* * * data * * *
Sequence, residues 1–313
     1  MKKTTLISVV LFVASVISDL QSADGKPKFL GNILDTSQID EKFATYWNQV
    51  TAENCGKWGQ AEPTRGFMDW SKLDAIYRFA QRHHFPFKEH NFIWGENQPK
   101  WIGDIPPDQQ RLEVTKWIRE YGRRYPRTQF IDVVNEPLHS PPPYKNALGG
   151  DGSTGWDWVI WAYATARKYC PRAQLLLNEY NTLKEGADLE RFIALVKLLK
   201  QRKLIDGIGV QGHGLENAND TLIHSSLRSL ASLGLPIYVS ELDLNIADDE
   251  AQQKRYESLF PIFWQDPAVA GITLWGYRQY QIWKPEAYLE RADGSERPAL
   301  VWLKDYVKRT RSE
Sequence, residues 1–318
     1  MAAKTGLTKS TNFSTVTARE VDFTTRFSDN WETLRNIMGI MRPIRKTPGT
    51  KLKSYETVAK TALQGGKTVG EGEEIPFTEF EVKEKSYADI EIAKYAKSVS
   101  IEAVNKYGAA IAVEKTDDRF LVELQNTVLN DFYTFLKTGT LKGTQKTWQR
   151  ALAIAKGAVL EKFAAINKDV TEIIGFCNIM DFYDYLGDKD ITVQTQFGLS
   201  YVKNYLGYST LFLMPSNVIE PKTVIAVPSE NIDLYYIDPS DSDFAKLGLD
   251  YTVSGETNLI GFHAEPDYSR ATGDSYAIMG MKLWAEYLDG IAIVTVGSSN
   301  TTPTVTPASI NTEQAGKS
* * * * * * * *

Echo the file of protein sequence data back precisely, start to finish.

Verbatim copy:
Sequence, residues 1–313
     1  MKKTTLISVV LFVASVISDL QSADGKPKFL GNILDTSQID EKFATYWNQV
    51  TAENCGKWGQ AEPTRGFMDW SKLDAIYRFA QRHHFPFKEH NFIWGENQPK
   101  WIGDIPPDQQ RLEVTKWIRE YGRRYPRTQF IDVVNEPLHS PPPYKNALGG
   151  DGSTGWDWVI WAYATARKYC PRAQLLLNEY NTLKEGADLE RFIALVKLLK
   201  QRKLIDGIGV QGHGLENAND TLIHSSLRSL ASLGLPIYVS ELDLNIADDE
   251  AQQKRYESLF PIFWQDPAVA GITLWGYRQY QIWKPEAYLE RADGSERPAL
   301  VWLKDYVKRT RSE
Sequence, residues 1–318
     1  MAAKTGLTKS TNFSTVTARE VDFTTRFSDN WETLRNIMGI MRPIRKTPGT
    51  KLKSYETVAK TALQGGKTVG EGEEIPFTEF EVKEKSYADI EIAKYAKSVS
   101  IEAVNKYGAA IAVEKTDDRF LVELQNTVLN DFYTFLKTGT LKGTQKTWQR
   151  ALAIAKGAVL EKFAAINKDV TEIIGFCNIM DFYDYLGDKD ITVQTQFGLS
   201  YVKNYLGYST LFLMPSNVIE PKTVIAVPSE NIDLYYIDPS DSDFAKLGLD
   251  YTVSGETNLI GFHAEPDYSR ATGDSYAIMG MKLWAEYLDG IAIVTVGSSN
   301  TTPTVTPASI NTEQAGKS